- Action masters Jet Li and Co. produced a real dog of a flick.
Kimball's Twin Peak
Even the best cinematic elements sometimes combine to make trash, and that's the case with Unleashed, a film that should be great: a script by Luc Besson (La Femme Nikita, The Professional), a lead role by action star Jet Li (Hero), set in Glasgow with a score by trip-hoppers Massive Attack.
Kimball's Twin Peak
Unfortunately, the only reason to watch this lousy movie is the fantastic martial arts, sequenced by Yuen Wo Ping (Kill Bill, Crouching Tiger, Hidden Dragon). The rest of the film fails spectacularly.
Li is cast as a Danny, a slave to a gang of Scottish gangsters. Bart, the dapper, cockney kingpin (a well-cast Bob Hoskins), has trained Danny as an attack dog who explodes violently if his leash is removed.
Bart's job is to collect cash from shady business dealings, prowling Glasgow's underground with Danny, who wears a metallic collar that functions as a leash.
A nasty piece of work, Bart steps to his debtors before unleashing the attack human. Danny, who is simpering and submissive when his collar is on, proceeds to pound the stuffing out of his victims in jaw-dropping stop-slow-real-time action sequences.
Although the opening scenes indicate a potential genre classic, Unleashed quickly descends into cutesy nonsense.
While Bart's back is turned, Danny encounters Sam (Morgan Freeman), a blind piano tuner, while on an attack mission to a pawnshop. Sam can't see Danny and kindly asks the metal-collared warrior to help him tune a piano. Danny is mesmerized by the sound of the piano and begins to feel the stirrings of humanity.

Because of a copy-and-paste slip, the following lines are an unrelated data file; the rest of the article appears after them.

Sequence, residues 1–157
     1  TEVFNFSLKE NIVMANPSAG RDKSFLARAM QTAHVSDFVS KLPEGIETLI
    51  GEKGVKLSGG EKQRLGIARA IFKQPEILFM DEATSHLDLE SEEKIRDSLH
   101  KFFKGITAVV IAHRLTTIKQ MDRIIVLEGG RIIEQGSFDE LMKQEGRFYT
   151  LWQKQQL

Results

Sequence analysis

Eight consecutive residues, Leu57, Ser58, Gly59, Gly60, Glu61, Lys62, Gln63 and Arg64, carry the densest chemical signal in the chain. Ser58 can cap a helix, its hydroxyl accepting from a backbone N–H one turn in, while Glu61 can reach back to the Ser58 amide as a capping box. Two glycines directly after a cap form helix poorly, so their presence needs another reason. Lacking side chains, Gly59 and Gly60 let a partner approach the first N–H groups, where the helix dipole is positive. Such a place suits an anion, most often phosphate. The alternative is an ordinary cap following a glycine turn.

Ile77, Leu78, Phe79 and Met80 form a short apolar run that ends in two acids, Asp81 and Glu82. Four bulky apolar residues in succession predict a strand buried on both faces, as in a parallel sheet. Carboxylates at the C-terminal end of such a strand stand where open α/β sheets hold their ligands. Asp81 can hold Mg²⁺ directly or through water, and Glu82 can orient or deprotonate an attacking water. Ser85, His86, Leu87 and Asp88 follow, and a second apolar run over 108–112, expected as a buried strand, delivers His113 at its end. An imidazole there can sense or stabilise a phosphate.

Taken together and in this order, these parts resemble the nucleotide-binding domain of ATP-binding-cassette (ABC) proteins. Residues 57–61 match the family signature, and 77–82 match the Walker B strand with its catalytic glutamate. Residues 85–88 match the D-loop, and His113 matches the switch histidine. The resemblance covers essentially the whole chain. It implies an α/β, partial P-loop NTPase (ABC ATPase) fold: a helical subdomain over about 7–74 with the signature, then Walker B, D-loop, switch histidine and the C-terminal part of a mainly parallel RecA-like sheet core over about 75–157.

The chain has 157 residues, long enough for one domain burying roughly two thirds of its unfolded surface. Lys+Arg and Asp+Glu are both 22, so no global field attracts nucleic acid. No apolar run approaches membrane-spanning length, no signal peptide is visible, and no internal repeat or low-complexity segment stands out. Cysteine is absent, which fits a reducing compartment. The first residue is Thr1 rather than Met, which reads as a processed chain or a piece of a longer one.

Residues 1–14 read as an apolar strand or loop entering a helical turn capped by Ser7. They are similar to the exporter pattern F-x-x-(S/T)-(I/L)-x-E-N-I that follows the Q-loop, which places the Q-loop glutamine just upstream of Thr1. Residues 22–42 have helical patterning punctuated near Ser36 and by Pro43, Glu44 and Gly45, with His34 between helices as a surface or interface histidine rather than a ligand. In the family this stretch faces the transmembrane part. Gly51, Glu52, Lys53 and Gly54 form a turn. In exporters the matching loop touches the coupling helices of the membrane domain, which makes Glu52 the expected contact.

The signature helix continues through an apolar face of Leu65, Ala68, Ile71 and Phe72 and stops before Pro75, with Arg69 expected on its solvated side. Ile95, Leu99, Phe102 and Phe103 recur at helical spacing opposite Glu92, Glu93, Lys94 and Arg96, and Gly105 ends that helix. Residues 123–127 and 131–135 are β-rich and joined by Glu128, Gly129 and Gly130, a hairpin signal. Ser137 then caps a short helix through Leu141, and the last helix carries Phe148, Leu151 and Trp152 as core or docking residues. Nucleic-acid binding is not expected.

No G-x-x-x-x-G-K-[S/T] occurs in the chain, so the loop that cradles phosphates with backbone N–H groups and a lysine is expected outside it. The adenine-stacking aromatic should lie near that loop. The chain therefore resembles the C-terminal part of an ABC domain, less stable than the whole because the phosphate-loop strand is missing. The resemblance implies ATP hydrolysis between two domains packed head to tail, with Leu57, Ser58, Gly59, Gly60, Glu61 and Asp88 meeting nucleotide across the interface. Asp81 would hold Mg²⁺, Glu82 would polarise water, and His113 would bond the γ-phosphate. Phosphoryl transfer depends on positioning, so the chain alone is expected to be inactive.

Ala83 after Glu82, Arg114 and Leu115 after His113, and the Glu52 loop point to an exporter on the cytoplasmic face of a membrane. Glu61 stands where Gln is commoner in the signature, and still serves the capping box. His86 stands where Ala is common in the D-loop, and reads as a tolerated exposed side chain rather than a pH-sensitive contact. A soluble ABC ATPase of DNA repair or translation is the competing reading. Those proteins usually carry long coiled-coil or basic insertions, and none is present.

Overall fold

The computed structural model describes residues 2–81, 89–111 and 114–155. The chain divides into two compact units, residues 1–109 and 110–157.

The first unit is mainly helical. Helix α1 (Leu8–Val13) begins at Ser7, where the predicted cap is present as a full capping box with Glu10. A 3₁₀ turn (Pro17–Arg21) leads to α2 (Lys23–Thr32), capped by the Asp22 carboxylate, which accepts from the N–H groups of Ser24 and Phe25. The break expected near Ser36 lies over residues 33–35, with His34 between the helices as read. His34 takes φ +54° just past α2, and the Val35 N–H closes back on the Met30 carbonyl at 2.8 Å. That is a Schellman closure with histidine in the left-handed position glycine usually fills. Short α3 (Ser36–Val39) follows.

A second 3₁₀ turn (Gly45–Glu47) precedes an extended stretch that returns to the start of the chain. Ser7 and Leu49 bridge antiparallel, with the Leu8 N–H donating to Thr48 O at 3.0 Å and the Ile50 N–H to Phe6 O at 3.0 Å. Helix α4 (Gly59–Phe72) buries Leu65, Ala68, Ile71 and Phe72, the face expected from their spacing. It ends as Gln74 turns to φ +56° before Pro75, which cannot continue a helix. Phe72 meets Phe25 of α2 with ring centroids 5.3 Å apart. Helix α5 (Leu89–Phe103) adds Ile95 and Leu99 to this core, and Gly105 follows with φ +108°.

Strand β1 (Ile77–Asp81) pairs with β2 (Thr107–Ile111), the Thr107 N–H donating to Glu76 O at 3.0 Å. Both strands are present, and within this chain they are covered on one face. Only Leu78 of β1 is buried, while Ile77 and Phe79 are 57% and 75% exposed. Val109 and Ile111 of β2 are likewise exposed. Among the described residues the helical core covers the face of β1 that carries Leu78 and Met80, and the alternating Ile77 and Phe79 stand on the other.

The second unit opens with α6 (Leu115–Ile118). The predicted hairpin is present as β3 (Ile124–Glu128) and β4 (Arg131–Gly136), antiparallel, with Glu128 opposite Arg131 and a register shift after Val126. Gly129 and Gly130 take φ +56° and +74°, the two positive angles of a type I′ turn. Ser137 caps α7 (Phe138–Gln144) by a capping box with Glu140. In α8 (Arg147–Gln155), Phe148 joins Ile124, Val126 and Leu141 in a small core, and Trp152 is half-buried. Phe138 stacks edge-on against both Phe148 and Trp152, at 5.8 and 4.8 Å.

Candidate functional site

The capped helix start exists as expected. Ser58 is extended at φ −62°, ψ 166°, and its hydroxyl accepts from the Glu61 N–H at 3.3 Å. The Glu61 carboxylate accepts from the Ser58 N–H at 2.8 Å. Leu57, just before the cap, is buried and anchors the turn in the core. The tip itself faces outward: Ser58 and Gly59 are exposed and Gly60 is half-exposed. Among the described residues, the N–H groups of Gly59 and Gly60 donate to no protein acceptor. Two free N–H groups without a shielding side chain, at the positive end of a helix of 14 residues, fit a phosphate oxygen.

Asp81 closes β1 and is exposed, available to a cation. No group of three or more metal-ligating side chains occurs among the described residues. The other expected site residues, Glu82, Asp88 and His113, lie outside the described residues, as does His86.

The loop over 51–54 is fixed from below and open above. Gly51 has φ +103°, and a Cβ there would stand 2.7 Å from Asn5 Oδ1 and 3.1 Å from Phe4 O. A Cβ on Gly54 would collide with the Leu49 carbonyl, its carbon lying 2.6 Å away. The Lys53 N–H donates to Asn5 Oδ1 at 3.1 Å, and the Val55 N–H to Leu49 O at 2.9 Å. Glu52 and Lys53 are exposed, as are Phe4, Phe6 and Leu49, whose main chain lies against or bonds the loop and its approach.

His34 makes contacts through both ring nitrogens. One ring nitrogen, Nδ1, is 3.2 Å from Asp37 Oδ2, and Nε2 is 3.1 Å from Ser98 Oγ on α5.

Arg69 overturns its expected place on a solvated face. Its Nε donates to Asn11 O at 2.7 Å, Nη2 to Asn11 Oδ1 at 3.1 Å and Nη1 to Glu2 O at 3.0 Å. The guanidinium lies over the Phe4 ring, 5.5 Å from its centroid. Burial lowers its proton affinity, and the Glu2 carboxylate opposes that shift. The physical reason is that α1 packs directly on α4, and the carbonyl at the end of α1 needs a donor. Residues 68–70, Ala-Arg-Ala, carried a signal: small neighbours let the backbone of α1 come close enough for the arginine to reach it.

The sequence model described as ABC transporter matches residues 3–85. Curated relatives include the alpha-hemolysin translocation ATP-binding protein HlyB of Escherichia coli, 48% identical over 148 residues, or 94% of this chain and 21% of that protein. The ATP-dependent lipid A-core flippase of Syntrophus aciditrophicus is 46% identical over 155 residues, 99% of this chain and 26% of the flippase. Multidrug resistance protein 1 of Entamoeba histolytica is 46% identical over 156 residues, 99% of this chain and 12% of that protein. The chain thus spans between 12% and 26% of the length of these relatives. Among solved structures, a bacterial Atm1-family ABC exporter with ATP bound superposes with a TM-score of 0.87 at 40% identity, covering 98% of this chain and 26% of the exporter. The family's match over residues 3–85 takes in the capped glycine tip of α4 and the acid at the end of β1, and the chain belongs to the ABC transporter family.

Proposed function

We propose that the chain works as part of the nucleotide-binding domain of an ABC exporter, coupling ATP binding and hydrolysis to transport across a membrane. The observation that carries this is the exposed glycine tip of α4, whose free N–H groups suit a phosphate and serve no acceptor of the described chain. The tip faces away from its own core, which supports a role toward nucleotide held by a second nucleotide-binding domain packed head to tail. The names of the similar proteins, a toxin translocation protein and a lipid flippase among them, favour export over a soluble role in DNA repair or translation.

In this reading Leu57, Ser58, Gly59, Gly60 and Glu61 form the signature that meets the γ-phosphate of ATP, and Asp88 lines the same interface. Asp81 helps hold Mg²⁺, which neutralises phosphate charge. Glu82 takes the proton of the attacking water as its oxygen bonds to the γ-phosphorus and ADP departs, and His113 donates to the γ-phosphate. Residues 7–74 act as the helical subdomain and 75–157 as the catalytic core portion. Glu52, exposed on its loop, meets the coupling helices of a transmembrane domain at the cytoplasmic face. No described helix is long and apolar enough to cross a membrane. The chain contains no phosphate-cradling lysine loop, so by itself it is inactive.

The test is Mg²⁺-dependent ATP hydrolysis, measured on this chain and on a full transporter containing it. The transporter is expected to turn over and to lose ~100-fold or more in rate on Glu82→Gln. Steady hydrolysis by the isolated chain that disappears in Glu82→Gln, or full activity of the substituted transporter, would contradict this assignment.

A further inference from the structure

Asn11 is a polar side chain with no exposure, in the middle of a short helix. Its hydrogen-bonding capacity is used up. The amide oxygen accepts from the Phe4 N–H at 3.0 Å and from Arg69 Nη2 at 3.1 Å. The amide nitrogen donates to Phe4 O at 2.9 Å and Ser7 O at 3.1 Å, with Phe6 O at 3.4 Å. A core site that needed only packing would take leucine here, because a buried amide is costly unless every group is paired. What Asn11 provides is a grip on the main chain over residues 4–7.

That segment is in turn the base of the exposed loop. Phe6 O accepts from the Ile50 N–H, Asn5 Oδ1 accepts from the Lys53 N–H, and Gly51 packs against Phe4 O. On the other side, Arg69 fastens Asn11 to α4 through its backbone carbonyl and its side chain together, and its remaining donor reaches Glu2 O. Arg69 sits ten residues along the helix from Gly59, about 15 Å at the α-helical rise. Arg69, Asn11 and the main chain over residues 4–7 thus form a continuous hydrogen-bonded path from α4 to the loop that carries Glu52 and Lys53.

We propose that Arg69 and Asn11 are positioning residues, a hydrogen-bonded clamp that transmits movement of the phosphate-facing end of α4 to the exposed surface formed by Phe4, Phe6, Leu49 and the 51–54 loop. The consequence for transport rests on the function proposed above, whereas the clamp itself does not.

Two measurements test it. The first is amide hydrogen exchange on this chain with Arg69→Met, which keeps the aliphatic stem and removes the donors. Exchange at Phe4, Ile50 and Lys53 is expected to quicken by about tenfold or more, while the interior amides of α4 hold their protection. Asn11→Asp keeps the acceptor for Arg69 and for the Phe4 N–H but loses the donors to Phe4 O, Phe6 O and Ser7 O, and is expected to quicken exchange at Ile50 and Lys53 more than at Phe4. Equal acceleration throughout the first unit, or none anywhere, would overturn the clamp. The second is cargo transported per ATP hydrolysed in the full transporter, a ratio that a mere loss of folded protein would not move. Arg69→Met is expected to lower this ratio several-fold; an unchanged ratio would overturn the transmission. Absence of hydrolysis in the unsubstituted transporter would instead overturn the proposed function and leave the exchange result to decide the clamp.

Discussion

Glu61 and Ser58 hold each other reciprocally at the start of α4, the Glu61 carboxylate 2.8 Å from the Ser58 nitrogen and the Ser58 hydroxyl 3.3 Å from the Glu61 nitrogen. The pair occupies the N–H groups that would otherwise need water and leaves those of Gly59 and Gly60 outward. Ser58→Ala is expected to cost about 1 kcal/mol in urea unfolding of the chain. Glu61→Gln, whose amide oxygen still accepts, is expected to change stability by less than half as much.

A few scenes later, Bart and the gang are seemingly wiped out in a car accident, and Danny escapes. Predictably, Sam decides to take the stray Danny home, where he lives with his stepdaughter Victoria (Kerry Condon).
The movie then veers psychotically between cuteness -- with Li as the puppy -- and full-on kung fu terror. Li bounces between his new life with Sam and Victoria and the reappeared (though injured) Bart's clutches.
Victoria, a braces-wearing American on a piano scholarship in Glasgow, gives Danny Casio synthesizers to toy with. They go for boat rides in the park (where Danny recoils from the water as a scared dog might) and eat ice cream (Danny laps it up like a dog). Sam even teaches Danny how to buy melons at the supermarket.
Not only is this overly precious (at times like an ABC After-School Special) material, it's also insulting for an actor of Li's stature to pretend he's a dog throughout an entire feature.
When Bart recaptures Danny, the gangsters put him to work as a pit fighter in illegal underground death matches. Although the martial arts are stunning, the incongruity with the previous love scenes is jarring. Besson should be thrashed for writing this schizophrenic garbage, which only becomes worse as the film lumbers toward its conclusion.
The viewer learns more about Danny's origins and why he became Bart's dog, but any dramatic effect is ruined by the ridiculousness of a 20-minute gun battle in downtown Glasgow, free of police interruption.
Even the score, crafted by the formerly cutting edge music group Massive Attack, is a dud. The sleek, steely beated music isn't bad, but the group was previously known for making more than just car-commercial electronica.
Perhaps high hopes aren't appropriate for action films. But with so many masters involved, this flawed film cannot receive a pass.
-- Dan Wilcock